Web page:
The forgotten story of 1066
1066, the year Duke William of Normandy became famed as a conqueror.
The Battle of Hastings is one of the great foundation stones of English history.
But another battle took place that year.
One that, though not as well remembered, was equally instrumental in sealing English fate.
It has its own heroes and champions, most of which are forgotten from your school textbook.
This is the story of Stamford Bridge, of everyday men and women and their climactic role in the end of an era. Continue reading
Sublime writing from a true master of historical fiction!
Born a Saxon, raised a Dane – Uhtred, son of Uhtred, is many things to many people.
Usurped lord; pagan; warrior; husband; political spy – but who does Uhtred want to be?
To the viking raiders he is a brother and to his people, hope.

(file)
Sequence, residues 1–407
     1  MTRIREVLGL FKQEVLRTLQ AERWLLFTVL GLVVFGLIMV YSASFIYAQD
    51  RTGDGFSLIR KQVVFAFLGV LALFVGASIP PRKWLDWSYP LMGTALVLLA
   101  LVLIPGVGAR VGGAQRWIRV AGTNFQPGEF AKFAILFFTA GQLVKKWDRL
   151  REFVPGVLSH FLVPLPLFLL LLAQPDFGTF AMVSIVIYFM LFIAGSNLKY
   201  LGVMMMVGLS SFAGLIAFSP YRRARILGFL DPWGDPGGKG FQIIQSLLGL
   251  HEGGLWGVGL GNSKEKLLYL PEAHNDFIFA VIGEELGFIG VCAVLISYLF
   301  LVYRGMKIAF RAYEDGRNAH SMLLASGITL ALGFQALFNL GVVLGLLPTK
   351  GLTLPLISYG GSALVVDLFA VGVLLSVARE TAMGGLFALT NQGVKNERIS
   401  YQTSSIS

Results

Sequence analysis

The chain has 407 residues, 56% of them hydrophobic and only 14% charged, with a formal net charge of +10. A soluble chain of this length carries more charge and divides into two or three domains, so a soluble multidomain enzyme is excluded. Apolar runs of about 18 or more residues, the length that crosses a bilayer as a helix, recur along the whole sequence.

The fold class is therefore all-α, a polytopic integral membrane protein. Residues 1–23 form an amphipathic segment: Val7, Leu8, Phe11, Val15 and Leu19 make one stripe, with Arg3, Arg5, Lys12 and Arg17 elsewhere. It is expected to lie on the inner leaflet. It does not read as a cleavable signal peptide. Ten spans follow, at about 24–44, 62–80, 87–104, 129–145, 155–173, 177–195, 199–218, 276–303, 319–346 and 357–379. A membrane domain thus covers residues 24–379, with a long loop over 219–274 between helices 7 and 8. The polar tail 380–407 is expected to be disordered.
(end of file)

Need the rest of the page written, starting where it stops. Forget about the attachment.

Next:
To Alfred he is political pawn and the church, a damned blasphemer.
But to England, he might just be an unlikely saviour.
Brutally honest and sincere, England’s lost heroes are honoured once more.
The year is 1126 and deep in the Northumbrian countryside two men travel the wilderness in search of knowledge. The man they seek – a usurped prince, shrewd diplomat and noble warrior of God – is Edgar the Atheling, rightful heir to the English throne.
His story is about to come to life in haunting beauty. Here we see the founding fathers of the code of chivalry and the legacy of honour they left to us all.
Everyone’s favourite outlaw gets a serious revamp.
Normans, Saxons and some very angry, repressed Cymry – prepare for a Robin Hood tale like never before.
Hood is the first book among Stephen Lawhead’s King Raven trilogy, documenting the transformation of Welsh nobleman Bran ap Brychan from indifferent prince to justice hungry outlaw in the wake of his father’s murder.
Lawhead is an internationally acclaimed author of mythic history, with his novels including Athurian Legends and Jerusalem Crusades.